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Kathryn Finney Rises to the Top in the Predominantly Male Digital World

Finney’s digital platform has assisted 2,000 women and has helped raise $25 million in investments


After an investor told Kathryn Finney that he doesn’t “do black women,” the digital entrepreneur chose to take action rather than get upset.

Finney, founder of the widely successful blog, The Budget Fashionista, created digitalundivided (DID) in 2013. The goal of DID is to empower black and Latina women who are thinking about becoming entrepreneurs. Through networking, training, and funding opportunities, DID is impacting economic growth as well as these women’s personal success stories.

Finney, an honors graduate of Yale University and Rutgers University, was named one of the most influential women in tech by Inc. Magazine. Additionally, Finney is a White House Champion of Change and a prior member of the National Advisory Council on Innovation and Entrepreneurship.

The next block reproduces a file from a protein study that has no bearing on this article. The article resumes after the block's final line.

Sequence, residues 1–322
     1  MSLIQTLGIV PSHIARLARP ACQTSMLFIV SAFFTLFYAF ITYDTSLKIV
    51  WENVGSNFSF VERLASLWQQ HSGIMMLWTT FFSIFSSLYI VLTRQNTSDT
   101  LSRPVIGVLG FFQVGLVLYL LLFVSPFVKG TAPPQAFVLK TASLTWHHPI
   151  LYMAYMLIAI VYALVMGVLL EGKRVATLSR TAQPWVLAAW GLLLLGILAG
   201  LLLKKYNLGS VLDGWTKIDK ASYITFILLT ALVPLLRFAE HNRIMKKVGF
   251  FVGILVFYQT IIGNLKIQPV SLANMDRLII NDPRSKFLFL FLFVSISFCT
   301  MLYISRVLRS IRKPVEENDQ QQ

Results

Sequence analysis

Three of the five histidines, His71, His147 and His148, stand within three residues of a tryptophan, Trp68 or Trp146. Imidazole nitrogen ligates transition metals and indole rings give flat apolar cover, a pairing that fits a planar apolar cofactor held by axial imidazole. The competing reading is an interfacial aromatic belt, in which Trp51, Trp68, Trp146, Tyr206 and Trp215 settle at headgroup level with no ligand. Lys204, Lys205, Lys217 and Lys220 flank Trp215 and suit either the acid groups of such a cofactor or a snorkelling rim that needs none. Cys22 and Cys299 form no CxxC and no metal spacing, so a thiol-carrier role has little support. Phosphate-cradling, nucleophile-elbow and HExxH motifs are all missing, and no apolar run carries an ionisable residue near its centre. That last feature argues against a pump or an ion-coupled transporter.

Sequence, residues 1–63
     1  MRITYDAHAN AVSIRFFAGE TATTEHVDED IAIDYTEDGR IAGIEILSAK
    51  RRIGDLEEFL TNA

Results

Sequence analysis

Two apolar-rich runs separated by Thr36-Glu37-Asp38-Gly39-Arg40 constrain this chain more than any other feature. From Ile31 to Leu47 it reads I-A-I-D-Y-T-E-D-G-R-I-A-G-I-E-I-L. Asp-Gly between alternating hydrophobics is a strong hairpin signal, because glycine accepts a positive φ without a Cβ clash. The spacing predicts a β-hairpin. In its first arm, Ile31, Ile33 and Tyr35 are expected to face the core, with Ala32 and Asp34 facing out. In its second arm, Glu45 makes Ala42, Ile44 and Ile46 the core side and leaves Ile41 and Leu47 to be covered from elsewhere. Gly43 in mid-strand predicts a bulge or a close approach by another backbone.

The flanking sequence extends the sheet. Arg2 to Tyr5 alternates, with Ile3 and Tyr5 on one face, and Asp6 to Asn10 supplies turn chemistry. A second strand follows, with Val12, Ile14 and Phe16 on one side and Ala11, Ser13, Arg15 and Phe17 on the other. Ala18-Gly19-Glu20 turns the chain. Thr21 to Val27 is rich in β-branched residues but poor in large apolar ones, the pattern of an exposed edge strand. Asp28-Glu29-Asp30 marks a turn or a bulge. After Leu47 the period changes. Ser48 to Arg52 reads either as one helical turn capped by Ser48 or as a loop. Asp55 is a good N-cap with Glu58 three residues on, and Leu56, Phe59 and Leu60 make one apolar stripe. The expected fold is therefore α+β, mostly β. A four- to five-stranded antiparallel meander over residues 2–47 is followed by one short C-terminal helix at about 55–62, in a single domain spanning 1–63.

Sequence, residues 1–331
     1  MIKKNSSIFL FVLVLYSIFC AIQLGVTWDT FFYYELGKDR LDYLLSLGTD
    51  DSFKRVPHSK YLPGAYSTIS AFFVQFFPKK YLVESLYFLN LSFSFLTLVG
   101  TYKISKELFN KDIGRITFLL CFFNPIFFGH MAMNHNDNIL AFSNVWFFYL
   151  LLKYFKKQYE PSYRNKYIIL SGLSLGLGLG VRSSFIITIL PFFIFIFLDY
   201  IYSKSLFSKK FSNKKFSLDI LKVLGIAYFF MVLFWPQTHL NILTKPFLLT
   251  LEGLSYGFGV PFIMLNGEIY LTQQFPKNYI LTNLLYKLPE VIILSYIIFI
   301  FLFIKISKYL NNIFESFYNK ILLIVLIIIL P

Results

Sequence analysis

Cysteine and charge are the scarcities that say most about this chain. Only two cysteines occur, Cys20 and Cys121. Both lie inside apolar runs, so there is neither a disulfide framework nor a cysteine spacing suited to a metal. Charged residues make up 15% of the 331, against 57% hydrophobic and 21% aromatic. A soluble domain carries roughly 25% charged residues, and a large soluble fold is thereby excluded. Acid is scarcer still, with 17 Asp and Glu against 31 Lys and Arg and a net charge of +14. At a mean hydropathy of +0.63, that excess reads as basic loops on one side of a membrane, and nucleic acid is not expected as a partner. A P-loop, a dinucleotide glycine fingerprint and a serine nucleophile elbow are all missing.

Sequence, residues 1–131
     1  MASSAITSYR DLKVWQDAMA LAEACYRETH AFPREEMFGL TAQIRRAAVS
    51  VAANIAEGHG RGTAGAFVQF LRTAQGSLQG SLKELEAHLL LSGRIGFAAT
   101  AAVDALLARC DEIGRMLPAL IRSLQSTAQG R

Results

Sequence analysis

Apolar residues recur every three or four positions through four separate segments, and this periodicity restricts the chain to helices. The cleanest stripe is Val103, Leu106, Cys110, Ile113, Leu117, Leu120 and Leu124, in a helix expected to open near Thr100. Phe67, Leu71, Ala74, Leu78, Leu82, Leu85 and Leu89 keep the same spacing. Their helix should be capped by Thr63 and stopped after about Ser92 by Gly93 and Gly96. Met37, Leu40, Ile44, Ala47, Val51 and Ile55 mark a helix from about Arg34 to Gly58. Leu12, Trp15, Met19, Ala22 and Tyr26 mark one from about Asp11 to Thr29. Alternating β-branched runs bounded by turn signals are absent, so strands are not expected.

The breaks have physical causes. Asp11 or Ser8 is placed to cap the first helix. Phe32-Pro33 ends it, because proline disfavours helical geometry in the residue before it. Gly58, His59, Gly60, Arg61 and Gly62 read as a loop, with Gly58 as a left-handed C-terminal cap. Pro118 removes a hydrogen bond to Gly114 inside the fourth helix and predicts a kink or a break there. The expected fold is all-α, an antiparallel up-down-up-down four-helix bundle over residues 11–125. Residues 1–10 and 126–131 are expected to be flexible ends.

Since DID was founded four years ago, it has assisted more than 2,000 women and has helped raise a whopping $25 million in investments.

In an interview with Madame Noire, Finney explains why DID is important:


“Women of color, specifically Black and Latina women, are the fastest-growing group of entrepreneurs in the United States, creating over 80 percent of the new women-led small businesses since 2007. Yet, Black women-led startups receive less than .2 percent of all venture funding. Moreover, the average Black women-led startup raises $36,000, while the average (mostly) white male failed startup raises $1.3 million. We found that this is caused by three things: lack of network, training, and funding specifically for diverse women founders. digitalundivided bridges this digital divide by offering all three to Black and Latina women founders.”

Working in a predominantly white male field, Finney says that years ago, “diversity” wasn’t even a buzzword in the industry yet.

“There’s definitely more work that needs to be done,” she says. “Beyond paying lip service to the issue, we need more stakeholders to put their money where their mouth is. Nothing explains the need for diversity in tech better than showing the success of these diverse companies, especially when funded and when provided support and resources.”


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